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Tuesday, 30 October 2012
Page: 12648

Ms SMYTH (La Trobe) (21:54): Many things have happened in the electorate of La Trobe in recent weeks, and I hope to update the House on a few of them. Specifically, and firstly, a community discussion that I held, together with the Minister for Housing, Minister for Homelessness and Minister for Small Business at Ferntree Gully Uniting Church during the course of Anti-Poverty Week a couple of weeks ago, which focused on housing and homelessness initiatives undertaken by this government and the circumstances that many people find themselves in in relation to housing affordability and homelessness, throughout Victoria and indeed around Australia, and in respect of which the government is doing much—and, of course, it need not be said that much more remains to be done; but the government has done great work. I must thank the Ferntree Gully Uniting Church, and also the Tecoma Uniting Church, for their involvement on the day and for hosting it.

I thought I would update the House particularly in relation to this because, in my electorate alone, the government's Social Housing Initiative has meant that over $19 million has been spent on 66 new dwellings, with 60 completed to date. Of those which are tenanted, 75 per cent have been tenanted to people who would otherwise have faced homelessness, 15 per cent to elderly people and 22 per cent to people with disability—noting that tenants can be in more than one category. So these are practical ways in which this government is making significant commitments to people who would otherwise potentially face hardship or difficulty in finding housing.

It was appropriate that we held the forum in Ferntree Gully, not terribly far from the site of two significant social housing developments, one of which I have visited with the minister on a previous occasion, which has seen 14 one-bedroom units and 18 two-bedroom units developed. The facility incorporates six-star energy ratings including water tanks and energy-efficient lighting and heating. It is an excellent facility and I was delighted to go along and meet with Wilf and Francesca, an elderly couple who had recently moved into social housing there. It was great to hear their story about being able to settle in the community around Boronia.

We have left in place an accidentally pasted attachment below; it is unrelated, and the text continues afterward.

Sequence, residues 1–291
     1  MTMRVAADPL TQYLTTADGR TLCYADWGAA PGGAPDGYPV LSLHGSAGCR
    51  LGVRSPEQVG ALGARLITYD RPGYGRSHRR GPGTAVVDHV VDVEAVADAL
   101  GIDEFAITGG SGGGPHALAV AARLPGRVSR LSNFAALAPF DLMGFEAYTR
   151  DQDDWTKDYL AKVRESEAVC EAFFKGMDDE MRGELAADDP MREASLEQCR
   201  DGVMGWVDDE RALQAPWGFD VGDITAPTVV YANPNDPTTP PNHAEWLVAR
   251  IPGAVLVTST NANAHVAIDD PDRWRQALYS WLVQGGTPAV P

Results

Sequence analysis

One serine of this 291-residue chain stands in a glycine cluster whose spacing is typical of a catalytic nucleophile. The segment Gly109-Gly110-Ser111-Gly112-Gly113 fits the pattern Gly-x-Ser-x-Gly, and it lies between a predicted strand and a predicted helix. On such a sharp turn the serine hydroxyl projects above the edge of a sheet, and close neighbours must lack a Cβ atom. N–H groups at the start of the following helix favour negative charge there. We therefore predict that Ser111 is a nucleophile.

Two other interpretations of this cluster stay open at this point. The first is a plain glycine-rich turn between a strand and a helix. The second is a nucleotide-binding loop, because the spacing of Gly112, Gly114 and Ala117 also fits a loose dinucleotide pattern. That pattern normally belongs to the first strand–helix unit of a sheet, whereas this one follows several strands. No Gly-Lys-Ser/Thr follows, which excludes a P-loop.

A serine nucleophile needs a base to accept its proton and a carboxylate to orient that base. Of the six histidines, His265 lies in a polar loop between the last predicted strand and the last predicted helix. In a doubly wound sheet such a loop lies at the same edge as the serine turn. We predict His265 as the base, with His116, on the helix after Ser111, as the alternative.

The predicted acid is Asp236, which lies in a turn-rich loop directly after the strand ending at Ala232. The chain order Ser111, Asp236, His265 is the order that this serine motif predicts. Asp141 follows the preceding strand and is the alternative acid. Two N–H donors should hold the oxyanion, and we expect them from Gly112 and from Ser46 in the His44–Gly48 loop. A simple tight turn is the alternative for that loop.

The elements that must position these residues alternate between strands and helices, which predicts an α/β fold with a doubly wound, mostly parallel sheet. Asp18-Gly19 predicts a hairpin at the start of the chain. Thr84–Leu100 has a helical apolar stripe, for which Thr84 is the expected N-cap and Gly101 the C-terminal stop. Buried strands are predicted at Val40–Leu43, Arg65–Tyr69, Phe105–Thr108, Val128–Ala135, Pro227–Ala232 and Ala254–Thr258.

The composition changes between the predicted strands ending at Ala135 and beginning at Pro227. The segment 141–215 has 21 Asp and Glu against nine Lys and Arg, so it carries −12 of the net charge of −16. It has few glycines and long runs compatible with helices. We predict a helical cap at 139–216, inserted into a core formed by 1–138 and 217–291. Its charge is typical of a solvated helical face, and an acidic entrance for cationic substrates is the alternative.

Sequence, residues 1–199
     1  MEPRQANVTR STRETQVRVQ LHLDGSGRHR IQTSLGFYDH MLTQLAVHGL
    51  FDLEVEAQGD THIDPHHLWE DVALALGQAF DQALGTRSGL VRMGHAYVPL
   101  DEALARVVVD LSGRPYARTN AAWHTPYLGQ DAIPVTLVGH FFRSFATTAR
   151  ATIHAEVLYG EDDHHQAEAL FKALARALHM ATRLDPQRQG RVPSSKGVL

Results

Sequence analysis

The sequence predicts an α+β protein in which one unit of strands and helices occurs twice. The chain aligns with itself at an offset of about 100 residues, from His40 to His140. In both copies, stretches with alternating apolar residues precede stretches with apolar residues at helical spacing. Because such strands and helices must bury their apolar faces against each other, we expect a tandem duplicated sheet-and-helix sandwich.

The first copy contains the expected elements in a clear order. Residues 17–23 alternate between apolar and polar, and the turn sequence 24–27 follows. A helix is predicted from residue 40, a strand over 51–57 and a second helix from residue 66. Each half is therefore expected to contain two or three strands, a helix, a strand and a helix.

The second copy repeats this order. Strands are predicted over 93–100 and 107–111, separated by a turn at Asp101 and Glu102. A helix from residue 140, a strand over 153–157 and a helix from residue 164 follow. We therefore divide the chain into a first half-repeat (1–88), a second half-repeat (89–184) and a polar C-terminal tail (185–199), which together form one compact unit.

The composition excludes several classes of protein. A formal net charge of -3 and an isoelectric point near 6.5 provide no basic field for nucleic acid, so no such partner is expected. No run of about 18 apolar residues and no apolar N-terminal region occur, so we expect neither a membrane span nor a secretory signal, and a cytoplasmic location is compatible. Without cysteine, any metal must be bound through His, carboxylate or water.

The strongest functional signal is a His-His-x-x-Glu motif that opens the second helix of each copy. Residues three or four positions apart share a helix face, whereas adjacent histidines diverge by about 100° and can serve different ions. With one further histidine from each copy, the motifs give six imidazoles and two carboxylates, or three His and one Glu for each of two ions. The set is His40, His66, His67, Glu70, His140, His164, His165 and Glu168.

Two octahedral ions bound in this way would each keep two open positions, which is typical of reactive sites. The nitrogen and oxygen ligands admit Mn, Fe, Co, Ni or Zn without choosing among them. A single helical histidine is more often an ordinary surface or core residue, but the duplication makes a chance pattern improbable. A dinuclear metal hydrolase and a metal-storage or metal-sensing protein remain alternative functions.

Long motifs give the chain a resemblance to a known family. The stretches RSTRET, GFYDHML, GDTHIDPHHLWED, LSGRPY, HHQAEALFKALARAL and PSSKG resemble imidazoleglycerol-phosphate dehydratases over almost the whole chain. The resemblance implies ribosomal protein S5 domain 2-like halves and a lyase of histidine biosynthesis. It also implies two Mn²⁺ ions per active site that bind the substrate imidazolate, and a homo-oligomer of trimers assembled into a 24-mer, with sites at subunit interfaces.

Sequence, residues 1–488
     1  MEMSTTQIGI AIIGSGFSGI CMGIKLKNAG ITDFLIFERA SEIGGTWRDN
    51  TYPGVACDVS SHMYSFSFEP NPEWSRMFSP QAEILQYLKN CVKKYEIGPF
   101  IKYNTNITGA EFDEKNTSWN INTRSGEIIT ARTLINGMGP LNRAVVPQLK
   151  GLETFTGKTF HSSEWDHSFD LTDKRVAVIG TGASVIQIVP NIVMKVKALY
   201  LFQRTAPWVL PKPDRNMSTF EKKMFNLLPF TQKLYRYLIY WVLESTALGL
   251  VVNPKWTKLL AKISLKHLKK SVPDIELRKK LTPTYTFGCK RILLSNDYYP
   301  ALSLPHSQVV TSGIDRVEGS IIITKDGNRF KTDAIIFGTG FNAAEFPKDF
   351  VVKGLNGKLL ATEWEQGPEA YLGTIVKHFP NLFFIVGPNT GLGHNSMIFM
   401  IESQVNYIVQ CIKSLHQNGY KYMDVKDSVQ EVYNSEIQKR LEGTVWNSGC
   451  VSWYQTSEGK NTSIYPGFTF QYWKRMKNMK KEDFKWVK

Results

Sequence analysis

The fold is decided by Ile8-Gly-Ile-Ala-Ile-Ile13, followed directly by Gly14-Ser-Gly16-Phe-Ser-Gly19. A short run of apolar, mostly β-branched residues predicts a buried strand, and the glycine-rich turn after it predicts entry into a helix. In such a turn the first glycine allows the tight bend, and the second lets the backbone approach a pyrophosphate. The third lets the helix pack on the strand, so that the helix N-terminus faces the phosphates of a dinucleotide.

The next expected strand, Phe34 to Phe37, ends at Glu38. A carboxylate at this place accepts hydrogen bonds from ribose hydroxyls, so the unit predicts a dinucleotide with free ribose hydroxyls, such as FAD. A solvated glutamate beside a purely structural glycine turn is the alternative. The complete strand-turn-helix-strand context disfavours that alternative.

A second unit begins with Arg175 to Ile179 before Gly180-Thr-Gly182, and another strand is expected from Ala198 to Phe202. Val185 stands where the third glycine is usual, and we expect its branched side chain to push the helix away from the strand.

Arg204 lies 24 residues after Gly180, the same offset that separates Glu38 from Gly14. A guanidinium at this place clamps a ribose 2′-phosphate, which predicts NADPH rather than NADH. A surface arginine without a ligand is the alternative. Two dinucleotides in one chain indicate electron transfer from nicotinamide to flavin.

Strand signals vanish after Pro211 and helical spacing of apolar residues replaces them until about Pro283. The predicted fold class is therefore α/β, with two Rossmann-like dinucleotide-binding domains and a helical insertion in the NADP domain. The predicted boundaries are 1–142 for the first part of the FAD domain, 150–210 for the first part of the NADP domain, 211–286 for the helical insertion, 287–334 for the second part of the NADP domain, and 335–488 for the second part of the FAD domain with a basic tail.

Likewise, there is another social housing development that has stood to the benefit of residents of Ferntree Gully, on the corner of Dorset Road and Burwood Highway, which has been constructed with the assistance of this government—and, it must be said, with considerable opposition from the opposition, both in terms of the commitment to funding for that project and for projects of its kind right around the country using stimulus funding. It was additionally opposed quite vehemently by local members of the Liberal Party at the time of its construction, which was most disappointing.

Victoria has stood to benefit very significant through the federal government's investments, not only in relation to the construction of dwellings through social housing and the Social Housing Initiative but through repairs to around 90 dwellings, for instance, with over $400,000 being committed to that in my electorate alone. It is regrettable against that backdrop that, at the same time as the federal government consistently makes significant investments in social housing and initiatives to reduce homelessness, and initiatives to improve housing and rental affordability, the Victorian government has elected to decrease funding to the Social Housing Advocacy and Support Program by almost $3 million in the 2012-13 financial year. It is most regrettable indeed, and certainly noted by Victorians.

The second matter about which I will briefly update the House in the time remaining to me is a forum which I held with the Minister for Ageing in recent weeks at the Emerald U3A. I am delighted to continue my engagement with University of the Third Age organisations throughout my electorate, and have recently had the opportunity to visit the Knox U3A, the Casey U3A and the Emerald U3A for a range of activities. The Emerald U3A generously hosted an event, which was extremely well attended. Many people were clearly very interested in the government's proposals in relation to aged-care reform under the Living Longer, Living Better package, which members will no doubt recall provides around $3.7 billion over five years and is focused on trying to give elderly Australians and post-retirement Australians an opportunity to remain in their homes for longer and to give people an opportunity to have greater choice in relation to their aged-care options. There was great interest in Emerald U3A, and my thanks go to the president, Michael Allery, for that; and my congratulations go to the Knox U3A, and its president Lawrie Gaylard, and to Casey U3A, and its outgoing president, Pat Stone, for their recent initiatives also. (Time expired)